The grey nurse shark is being put at further risk because of an unnecessary review of protection measures being conducted by the NSW Government. This magnificent shark is so critically endangered that every single death is significant for the survival of the species. Read more about the recent decision to reverse protections for the grey nurse shark here.
We urgently need submissions to this government review to ensure the protections are reinstated and further steps are taken to give the species the best possible change of survival. The closing date is August 26. If you’d like to know more about the review, download a copy of the discussion paper here.
There are a couple of ways of making a submission:
- Download a hard-copy written submission form here.
- There is an online submission form here.
- Alternatively, you can simply email or post your submission using the following details:
Email - firstname.lastname@example.org
Fax - (02) 4916 3880
Post - NSW Department of Primary Industries, Locked Bag 1, Nelson Bay NSW 2315
To make things easy, we’ve prepared these key points for you to include in your submission. Of course you should also add any further comments you have.
There are only 1000-1500 grey nurse sharks left on the east coast of Australia and it is critically endangered. Much stronger protection is needed.
We know that the death of 4 mature females a year will prevent recovery in this species. Hook and line fishing – a key threatening process under the NSW Threatened Species Conservation Act – causes 12 known mortalities each year.
There are 16 key habitat areas including 10 declared critical habitat areas in NSW waters. Current research shows that the level of protection at most of these sites is inadequate. Research conducted by the NSW Department of Primary Industries has shown that grey nurse sharks will readily take a range of commonly used baits meaning the animals are not protected from accidental hooking.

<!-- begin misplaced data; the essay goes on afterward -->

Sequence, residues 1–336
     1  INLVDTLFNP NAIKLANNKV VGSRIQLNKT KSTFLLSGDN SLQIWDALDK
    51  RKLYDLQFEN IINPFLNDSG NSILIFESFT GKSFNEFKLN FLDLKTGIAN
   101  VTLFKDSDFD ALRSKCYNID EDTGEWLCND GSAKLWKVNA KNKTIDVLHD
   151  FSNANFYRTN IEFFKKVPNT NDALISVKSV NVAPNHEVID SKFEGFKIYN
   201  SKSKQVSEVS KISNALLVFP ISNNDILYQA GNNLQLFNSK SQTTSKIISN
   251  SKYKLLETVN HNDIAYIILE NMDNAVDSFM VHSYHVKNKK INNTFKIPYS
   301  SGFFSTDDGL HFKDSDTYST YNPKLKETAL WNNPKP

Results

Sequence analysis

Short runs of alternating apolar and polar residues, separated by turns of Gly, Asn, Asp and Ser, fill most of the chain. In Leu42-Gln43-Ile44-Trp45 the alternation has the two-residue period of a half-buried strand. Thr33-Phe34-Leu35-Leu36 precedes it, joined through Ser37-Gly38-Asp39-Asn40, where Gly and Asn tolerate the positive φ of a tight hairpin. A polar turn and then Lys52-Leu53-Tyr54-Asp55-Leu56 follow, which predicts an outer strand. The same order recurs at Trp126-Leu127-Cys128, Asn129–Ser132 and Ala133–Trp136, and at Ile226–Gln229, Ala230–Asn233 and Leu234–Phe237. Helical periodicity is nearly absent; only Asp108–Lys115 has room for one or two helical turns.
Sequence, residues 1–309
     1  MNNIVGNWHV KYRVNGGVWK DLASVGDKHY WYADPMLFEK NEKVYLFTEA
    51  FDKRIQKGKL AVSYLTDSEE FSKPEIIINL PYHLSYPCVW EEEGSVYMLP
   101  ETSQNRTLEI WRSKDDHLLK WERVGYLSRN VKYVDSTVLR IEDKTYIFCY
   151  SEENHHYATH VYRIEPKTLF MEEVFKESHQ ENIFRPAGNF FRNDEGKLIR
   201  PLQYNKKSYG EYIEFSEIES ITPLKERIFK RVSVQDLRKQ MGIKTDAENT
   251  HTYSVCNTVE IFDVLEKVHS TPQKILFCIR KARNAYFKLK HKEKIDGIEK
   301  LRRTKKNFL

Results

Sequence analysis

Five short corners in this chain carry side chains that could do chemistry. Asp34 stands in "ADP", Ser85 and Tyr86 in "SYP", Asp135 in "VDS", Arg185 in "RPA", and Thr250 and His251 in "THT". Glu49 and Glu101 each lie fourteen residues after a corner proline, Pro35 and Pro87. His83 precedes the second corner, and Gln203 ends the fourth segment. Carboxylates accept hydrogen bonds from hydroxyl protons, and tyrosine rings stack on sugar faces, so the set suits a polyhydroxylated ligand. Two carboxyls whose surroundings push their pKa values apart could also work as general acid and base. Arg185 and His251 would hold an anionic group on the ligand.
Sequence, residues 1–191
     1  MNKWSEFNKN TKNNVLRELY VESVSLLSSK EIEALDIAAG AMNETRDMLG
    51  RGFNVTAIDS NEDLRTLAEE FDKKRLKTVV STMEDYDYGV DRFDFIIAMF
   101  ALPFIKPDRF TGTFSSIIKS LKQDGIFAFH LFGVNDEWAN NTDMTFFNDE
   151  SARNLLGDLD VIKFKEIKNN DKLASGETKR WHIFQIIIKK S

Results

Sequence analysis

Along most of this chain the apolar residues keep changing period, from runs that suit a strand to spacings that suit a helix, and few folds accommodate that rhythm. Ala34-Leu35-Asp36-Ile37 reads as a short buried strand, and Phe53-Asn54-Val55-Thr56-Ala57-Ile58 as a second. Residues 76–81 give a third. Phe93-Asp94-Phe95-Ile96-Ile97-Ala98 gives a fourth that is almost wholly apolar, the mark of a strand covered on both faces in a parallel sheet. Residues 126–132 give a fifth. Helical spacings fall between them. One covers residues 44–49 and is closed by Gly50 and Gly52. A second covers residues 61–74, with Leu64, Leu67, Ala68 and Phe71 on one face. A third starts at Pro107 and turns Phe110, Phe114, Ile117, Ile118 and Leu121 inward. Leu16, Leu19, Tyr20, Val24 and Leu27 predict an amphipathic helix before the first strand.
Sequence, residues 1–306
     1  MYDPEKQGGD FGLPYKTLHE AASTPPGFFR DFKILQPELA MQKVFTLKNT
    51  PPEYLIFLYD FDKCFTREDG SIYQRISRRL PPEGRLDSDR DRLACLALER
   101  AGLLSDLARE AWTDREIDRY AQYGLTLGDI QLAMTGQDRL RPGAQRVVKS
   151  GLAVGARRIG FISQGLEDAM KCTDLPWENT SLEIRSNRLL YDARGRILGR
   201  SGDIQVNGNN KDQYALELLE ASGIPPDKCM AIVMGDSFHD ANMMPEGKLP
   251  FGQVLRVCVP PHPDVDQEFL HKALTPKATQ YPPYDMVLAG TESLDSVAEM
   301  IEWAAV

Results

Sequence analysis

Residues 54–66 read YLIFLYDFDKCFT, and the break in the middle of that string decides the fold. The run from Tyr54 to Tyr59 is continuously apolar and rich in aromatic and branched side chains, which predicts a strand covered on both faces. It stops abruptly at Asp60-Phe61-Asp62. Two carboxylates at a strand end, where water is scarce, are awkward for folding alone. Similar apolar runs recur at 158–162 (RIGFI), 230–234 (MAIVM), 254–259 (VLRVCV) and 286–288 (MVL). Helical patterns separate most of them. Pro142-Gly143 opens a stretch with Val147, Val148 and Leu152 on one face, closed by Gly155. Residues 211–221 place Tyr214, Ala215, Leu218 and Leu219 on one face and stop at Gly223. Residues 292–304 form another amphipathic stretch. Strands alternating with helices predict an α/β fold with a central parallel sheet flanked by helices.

The NSW Government has known since 2003 that the best way to protect sharks is to have a 1,500m sanctuary zones around each key habitat area (as recommended by an independent shark expert). Key habitat areas include Julian Rocks and Spot X off Byron Bay, Pimpernel Rock, The Steps and Anemone Bay at North Solitary Islands, E-Gutters at North West Solitary, Manta Arch at South Solitary, Fish Rock and Green Island, Cod Grounds, Mermaid Reef off Laurieton, Latitude Reef and Spot A off Forster, The Pinnacle off Forster, Big and Little Seal Rocks, Broughton Island, Foggys Cave off Terrigal, Long Reef off Sydney, Magic Point at Maroubra, Bass Point at Shellharbour, Tollgate Islands and Montague Island.
Fish Rock and Green Island at South West Rocks are in particular need of protection. This area consistently has some of the highest numbers of grey nurse sharks but has some of the lowest critical habitat protection in the state.
With the recent increase in commercial fishing for sharks there is likely to be an associated increase of accidental hooking of grey nurse sharks. The best way to minimise this risk is to provide sanctuary level protection in the place they spend most of their time – their key habitat areas.
Fully-protected sanctuaries around these critical grey nurse shark aggregation sites will make sure that grey nurse sharks have a safe haven from all fishing. Protection will also benefit other species in these areas, including the endangered black cod.
Some more useful references include:
Recent research by the NSW Department of Primary Industries clearly shows that grey nurses sharks interact with static baits used near aggregation sites, and knife jigs and soft plastic jigs cause risks to them. Read the full research here.
Unfortunately commercial fishing effort for large sharks has increased in recent years, and research from the Department has shown this increase is likely to impact on grey nurse shark populations through increased incidental capture of threatened species. Read the full research here.
I’ve recently obtained my PADI Open Water Diving Certificate and am very excited about exploring more of our incredible oceans and using my new-found skills to continue pushing for greater marine protection. My first dive in NSW waters will be to see the grey nurse shark at Fish Rock in a couple of weeks time. Stay tuned for that. I’ve also become a diver for conservation by supporting PADI’s Project Aware Foundation.